The Sun in the East
From The Grand Lodge Of Texas
Of the three symbolic lights found in the Lodge there is no one
more important or meaningful than that of the Sun. As a source of light and
life, the Sun is a constant reminder to the Mason of his search for spiritual
and moral improvement. Each new day brings an opportunity to see His Light and
To the Ancients the Sun was a symbol of life and authority. Life was seen in the
constant renewal found as the Sun warmed the earth after each winter and
reclaimed the day from the night, while authority was recognized in the Sunís
power to rule the day. The Grand Architectís powers flowed through the Sunís
rays and His glory was evident for all to see.
Many early civilizations took the Sun to be their chief deity, notably Ra of
Egypt, Brahma of India, Ormund of Chaldea, and Ashtaroth of Phoenicia. So
powerful was this symbol of life and regeneration, that it was worshiped as a
god. As the night brought darkness and fear of death upon the earth, the day
brought light and life. It is easy to understand the fear that an eclipse of the
sun would have upon such people.
For the Mason, the placement of the Lodge is modeled after King Solomonís Temple
and the seat in the East is occupied by the Worshipful Master for several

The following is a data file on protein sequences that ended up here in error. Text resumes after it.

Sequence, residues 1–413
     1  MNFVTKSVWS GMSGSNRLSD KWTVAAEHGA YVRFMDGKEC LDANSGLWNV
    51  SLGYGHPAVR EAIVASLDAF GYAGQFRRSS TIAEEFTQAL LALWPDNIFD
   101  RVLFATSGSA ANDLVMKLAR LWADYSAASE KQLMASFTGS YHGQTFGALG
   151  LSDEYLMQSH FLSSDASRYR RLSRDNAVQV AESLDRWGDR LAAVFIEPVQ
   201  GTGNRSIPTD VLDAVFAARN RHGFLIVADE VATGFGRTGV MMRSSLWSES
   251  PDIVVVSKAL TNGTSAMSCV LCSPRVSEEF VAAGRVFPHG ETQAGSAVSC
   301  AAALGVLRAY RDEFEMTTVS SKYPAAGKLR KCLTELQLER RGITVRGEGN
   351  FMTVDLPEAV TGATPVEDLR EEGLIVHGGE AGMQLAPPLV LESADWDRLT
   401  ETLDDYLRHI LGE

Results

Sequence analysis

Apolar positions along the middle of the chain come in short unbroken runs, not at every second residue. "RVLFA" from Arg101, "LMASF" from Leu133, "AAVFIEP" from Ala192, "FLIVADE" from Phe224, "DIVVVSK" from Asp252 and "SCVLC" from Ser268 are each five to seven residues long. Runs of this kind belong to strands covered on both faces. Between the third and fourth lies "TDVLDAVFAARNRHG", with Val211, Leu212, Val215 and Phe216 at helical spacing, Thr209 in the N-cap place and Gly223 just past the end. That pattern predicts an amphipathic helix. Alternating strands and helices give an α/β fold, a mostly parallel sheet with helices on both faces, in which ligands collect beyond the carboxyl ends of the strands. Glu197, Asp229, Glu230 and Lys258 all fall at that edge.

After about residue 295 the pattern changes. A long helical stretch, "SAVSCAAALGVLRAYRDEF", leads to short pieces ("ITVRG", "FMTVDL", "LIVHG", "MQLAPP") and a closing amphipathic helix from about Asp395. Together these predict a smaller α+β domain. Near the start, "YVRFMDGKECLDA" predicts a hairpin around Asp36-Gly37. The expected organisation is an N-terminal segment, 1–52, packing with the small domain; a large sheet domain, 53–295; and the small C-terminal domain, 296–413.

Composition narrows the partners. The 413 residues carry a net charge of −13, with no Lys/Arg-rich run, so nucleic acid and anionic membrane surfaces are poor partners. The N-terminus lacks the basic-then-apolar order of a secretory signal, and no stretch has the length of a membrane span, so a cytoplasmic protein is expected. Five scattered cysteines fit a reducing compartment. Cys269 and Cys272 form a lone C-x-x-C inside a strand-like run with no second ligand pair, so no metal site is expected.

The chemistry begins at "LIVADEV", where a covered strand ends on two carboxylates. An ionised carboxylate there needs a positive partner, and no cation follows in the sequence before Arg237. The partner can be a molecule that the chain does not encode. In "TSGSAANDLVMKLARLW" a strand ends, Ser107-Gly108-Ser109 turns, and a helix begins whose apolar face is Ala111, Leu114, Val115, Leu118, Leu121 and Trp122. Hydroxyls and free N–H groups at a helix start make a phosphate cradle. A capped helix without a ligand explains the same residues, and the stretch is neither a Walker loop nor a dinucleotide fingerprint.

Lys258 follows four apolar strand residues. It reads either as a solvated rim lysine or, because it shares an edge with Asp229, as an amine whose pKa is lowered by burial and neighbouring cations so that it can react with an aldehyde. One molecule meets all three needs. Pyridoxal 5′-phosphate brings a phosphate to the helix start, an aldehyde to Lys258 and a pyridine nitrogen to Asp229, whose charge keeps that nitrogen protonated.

reasons. As the Sun rules the day as an absolute master, so is the Worshipful
Master understood to hold mastery over the Lodge and its affairs. As the Lodge
is symbolic of the world, each Lodge meeting represents a new Masonic day in
which Light can be gained.
Through his office as Master, light symbolically flows into the Lodge and to the
Brethren. The Masterís rule is exercised through his principal officers, the
Senior and Junior Wardens. They, too, are representations of the Sun at two
critical phases, namely at the close of day and at high twelve. All three
officersí charges direct serving the Craft, are found clearly in the opening and
closing ceremonies, and are constant reminders of their duties to the Craft.
While it maybe easy to recite the opening and closing ceremonies, more attention
should be paid to the inner meanings of placement, symbolism, and roles found
therein. Each Brother should reflect upon carefully upon the opportunity that
meeting offers him. Looking to the East is not an idle charge for a Mason within
the Lodge, for there is found Light, Life, and Leadership.
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